The Traditional Track

Posted by Kanwal Anes Ahmed on

With inflation on the rise, eating out is becoming increasingly difficult. Restaurants have severely hiked up their prices and most of us already have too little to spare for entertainment to be able to meet these exorbitant price demands. This coupled with Karachi’s insane political and social condition has led to a decline in the restaurant business this Ramadan.
The times that I did venture out to grab a bite, I was met with empty restaurants or sparsely populated ones. When it came to portion size I was offered barely enough to fill my stomach, whereas the bill usually emptied my wallet. It was during the course of this hounding misery that I stumbled upon a relatively new restaurant that paid due respect to my stomach size as well as wallet.
“Food Centre” located in Schon Circle – next to UBL – was initially opened in the famous Burns Road, as one of the more classier restaurants in the locality. Its glass building stood out on the street that is usually plagued with hawkers and beaten down shops. While I have not eaten properly at its Burns Road branch, I decided to try it out at this new location. Mostly, because I had tried it at a friend’s place and knew it to be good value for money.
The place is designed very well, by a renowned architect (Saleem Rangoonwala) and not the kind you would expect a medium-budget Pakistani restaurant to be. So to say, I was pleasantly surprised. The dining halls were open, making the seating arrangement comfortable and spacious. The walls were done up with paintings and the false ceilings sported intricate wooden patterns. The entire restaurant exuded a contemporary aura but the smell of Pakistani food made sure that it was right on “Traditional” track.
Being a big biryani fan, I ordered “double chicken biryani” from the menu – along with zarda, Chicken Qorma and naan. The chicken biryani was fabulous, and I am saying this despite being a major biryani critic. It was spicy, warm and served with big pieces of chicken – a rare commodity in other biryani places. Moreover, for those who are not as inclined towards spice there is always the option of adding plain rice to make the biryani less of a torture for the tastebuds.The zarda – to be honest – was not that great. I initially ordered the special Zarda but it was unavailable so what I got instead was plain, sweetened orange rice – without the customary red and green sweets and gulab jamun.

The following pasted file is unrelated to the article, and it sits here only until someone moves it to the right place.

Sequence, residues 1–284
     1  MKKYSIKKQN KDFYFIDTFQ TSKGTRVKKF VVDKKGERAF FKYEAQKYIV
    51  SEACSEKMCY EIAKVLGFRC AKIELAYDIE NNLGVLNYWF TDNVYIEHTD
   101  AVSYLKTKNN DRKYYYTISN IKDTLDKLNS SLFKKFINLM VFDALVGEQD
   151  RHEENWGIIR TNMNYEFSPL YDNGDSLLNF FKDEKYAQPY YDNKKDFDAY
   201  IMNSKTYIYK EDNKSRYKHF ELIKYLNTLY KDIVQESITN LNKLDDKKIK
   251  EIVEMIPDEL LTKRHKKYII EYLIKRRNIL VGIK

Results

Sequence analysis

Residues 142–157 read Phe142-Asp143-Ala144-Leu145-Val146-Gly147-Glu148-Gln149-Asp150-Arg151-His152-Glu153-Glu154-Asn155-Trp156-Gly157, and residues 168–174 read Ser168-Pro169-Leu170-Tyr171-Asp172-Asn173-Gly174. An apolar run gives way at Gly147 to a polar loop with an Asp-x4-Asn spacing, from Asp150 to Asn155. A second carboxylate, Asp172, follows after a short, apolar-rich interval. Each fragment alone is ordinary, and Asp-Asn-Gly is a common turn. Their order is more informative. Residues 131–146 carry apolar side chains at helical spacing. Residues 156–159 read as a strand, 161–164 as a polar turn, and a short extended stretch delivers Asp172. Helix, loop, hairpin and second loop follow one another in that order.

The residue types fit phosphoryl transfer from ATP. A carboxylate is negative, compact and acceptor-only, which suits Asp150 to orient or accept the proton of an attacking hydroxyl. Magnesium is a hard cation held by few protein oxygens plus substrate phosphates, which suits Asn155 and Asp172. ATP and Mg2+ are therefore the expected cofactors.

As for the Qorma – it was bordering perfection – and would have been a winner had it not been for the naan that turned cold while waiting for the azaan to sound. Moreover, the waiters were quite inexperienced and did not quite know how to deal with the crowds that were thronging as time for iftar arrived.
On the whole, considering the amount I had to spend, the meal was worthwhile and delicious. Their serving sizes were decent and I really enjoyed the food that I ate. Moreover, I hardly find traditional food restaurants in Karachi and those that do exist do not have good enough ambiances for one to go with their family. But this one is definitely a place where going with family should not be an issue. Conclusively, Food Centre was an 8/10 experience – working wonders for my pocket, taste buds and stomach but lacking only when it came to service and the cold naan.

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